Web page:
NOTE: The following is an excerpt from TeleVox’s Healthy World report, “Discussing Diabetes: The Essential Conversation That Could Change the Health of the Nation”, which examines the idea of technology-enabled between-visit engagement to help patients with the prevention and management of diabetes. Download it HERE!
For communication to really deliver results, it helps to understand the gaps between the perceptions of doctors and patients. Discussing Diabetes shows that when it comes to diabetes — and health issues related to weight in general — there are three broad areas where medical professionals and the general public are not yet on the same page. Bridging these gaps is the necessary starting place for preventing and treating diabetes in the United States.
Disconnect Three: Staying the Course
Having seen plenty of people attempting to lose weight during their time in practice, physicians have more of a ‘slow and steady’ approach to weight loss than their patients. Discussing Diabetes shows that doctors are much more likely to say that failure comes from not setting realistic goals in the first place, trying a fad diet that didn’t work, or the absence of a good support system, such as encouragement from friends, family — and even from doctors.
Nearly three quarters (73 percent) of diabetic patients in the Discussing Diabetes survey said that making small behavioral changes, such as replacing sugar with a diet sweetener or eating slower, would be the most successful way of losing weight, rather than making several significant changes at once. However, 84 percent of doctors think that for long-term success a series of small adjustments works better than a complete lifestyle overhaul. The proportion of patients who believe they would best be served by a major step change far outnumbers the percentage of doctors who feel the same way.
When it comes to giving and receiving advice, more than two thirds (67 percent) of people said they would find broad advice and guidance more helpful than being told exactly what steps to take. In an interesting contrast, more than half of doctors said that telling the patient exactly what steps to take to manage their weight would deliver better results than giving the patient advice and then letting him or her figure out on their own what works best for them. Despite this, only 43 percent of doctors admit to telling the patient exactly what steps to take.
Survey respondents are also very clear that they prefer a ‘carrot’ to a ‘stick’ when it comes to staying motivated. Nearly three quarters (73 percent) said they would be encouraged by moving towards pleasure and achieving positive outcomes. Feeling healthier, being happier with their appearance, having more energy and living longer were all popular motivational ideas.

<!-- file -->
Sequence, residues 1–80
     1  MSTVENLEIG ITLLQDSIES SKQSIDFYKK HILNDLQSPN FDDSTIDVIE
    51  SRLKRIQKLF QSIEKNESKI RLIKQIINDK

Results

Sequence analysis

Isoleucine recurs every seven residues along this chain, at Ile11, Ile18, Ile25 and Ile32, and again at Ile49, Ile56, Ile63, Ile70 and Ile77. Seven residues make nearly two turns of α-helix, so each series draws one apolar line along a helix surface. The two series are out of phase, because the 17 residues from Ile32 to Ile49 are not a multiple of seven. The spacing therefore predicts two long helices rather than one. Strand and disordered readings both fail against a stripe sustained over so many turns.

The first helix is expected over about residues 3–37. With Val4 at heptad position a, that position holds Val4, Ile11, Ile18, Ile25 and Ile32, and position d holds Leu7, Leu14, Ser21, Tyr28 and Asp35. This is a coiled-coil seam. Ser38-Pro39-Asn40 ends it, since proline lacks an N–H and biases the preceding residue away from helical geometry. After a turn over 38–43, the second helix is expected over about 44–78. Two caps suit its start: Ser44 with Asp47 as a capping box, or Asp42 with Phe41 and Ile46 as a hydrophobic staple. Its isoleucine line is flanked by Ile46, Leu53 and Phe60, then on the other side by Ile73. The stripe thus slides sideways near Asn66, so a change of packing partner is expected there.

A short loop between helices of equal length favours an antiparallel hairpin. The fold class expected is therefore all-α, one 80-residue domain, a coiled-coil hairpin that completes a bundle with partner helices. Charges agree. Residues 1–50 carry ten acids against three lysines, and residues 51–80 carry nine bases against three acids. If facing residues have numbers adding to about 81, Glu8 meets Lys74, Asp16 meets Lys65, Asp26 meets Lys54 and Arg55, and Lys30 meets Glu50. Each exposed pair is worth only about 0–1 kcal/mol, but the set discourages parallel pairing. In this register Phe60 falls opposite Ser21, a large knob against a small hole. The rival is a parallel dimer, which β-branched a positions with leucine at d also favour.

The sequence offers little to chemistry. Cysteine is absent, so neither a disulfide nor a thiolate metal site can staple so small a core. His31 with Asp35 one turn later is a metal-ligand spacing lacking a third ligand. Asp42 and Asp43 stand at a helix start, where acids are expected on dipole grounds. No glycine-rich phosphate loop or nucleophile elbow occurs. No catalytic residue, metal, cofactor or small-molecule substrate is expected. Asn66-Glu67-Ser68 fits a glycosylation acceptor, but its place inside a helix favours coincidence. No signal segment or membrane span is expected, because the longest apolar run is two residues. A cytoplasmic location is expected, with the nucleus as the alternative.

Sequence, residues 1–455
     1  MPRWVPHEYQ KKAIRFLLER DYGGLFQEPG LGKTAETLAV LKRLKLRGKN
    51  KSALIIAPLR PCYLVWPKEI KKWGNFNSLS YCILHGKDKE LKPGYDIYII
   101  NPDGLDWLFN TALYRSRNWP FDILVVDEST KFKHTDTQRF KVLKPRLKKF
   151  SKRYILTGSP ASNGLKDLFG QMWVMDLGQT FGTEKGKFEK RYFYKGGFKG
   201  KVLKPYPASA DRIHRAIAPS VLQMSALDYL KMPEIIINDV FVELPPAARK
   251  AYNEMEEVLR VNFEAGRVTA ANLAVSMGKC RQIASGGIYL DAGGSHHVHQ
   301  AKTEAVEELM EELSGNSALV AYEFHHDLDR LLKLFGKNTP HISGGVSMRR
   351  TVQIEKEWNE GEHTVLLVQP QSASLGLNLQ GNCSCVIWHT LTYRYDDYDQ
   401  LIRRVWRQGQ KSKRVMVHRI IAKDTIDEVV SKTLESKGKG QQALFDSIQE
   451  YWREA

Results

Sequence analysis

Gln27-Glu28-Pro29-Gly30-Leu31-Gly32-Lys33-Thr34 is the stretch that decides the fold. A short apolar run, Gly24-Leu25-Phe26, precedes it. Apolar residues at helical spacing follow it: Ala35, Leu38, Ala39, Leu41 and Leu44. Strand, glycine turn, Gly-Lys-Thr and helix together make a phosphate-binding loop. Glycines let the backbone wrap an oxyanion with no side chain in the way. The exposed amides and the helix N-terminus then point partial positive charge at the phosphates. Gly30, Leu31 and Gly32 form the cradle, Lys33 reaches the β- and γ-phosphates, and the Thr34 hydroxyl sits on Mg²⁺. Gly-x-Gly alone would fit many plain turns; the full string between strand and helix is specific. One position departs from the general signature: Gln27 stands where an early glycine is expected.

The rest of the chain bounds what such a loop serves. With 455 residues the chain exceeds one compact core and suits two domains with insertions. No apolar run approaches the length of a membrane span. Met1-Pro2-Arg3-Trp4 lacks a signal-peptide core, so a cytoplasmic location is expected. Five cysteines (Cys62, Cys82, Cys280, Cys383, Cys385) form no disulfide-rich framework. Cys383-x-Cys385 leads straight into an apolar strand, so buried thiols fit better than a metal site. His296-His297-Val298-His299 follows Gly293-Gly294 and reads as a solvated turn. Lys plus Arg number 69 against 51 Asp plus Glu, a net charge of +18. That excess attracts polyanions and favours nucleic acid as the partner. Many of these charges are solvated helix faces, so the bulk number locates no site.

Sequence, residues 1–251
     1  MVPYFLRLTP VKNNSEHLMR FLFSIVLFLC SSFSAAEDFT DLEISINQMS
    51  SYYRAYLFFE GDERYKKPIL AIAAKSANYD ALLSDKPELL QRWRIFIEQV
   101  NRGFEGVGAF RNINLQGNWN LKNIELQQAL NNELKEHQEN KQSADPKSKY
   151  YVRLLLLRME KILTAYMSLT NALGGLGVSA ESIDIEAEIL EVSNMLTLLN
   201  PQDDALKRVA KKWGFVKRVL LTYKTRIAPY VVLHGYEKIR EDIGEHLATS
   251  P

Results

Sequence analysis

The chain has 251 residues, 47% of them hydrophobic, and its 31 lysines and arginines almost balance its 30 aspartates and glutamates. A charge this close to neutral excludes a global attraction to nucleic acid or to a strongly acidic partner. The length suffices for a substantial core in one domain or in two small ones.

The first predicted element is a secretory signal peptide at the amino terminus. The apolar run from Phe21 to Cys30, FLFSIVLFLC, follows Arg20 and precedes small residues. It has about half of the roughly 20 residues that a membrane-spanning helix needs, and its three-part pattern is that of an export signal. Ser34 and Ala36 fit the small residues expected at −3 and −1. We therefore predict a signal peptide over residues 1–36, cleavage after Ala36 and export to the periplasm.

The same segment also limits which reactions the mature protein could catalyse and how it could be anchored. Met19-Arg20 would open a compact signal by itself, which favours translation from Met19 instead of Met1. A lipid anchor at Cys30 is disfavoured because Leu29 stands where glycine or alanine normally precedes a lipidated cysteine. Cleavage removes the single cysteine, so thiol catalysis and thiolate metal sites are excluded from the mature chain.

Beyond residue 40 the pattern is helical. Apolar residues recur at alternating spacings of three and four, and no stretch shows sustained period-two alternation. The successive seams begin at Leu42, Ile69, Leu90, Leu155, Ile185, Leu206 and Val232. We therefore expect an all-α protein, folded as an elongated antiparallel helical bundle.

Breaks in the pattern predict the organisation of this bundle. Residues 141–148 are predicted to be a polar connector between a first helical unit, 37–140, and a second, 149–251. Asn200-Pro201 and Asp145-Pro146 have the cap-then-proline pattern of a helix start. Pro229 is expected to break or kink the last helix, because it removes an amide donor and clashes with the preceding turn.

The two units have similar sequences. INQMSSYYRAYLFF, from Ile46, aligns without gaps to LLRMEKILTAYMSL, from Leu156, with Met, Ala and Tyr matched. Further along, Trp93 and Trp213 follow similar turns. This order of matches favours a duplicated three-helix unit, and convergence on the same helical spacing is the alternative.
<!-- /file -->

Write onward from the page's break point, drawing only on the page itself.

However, this number drops to 63 percent among those already diagnosed with diabetes, suggesting that the more real those negative outcomes become, the more likely they are to drive a change in behavior and lifestyle.
In one of the more startling differences of perception that come to light in Discussing Diabetes, more than one third (35 percent) of patients diagnosed with diabetes who have been told to lose weight by their doctor said they had been offered a combination of positive and negative motivations to lose weight. Two in ten (19 percent) said their doctor had focused on the positives, while three in ten (28 percent) said their doctor had focused only on the negatives.
But this is not what doctors are saying. When discussing weight loss with a patient, three quarters (76 percent) said they use a combination of carrot and stick, positive and negative. Eighteen percent say they focus solely on the positives. But only six percent say they talk about the negative outcomes of failing to manage weight effectively. Patients and doctors are not seeing their conversations in the same way.
Reinforcing the belief among many doctors that patients could and should be more proactive and take greater responsibility for managing their health, one in four people diagnosed with diabetes who took part in Discussing Diabetes think there is a lack of available resources to help successful weight management. But a slightly lower percentage of doctors believe that a lack of resources is a problem: only one in five (18 percent). By the same token, more than half (51 percent) of diabetics surveyed believe that children are not getting adequate education about healthy eating choices — but only a third of doctors (37 percent) agree. Either the information is out there and patients are unaware of it or think it inadequate, or the medical profession simply has greater faith in the usefulness and accessibility of materials provided.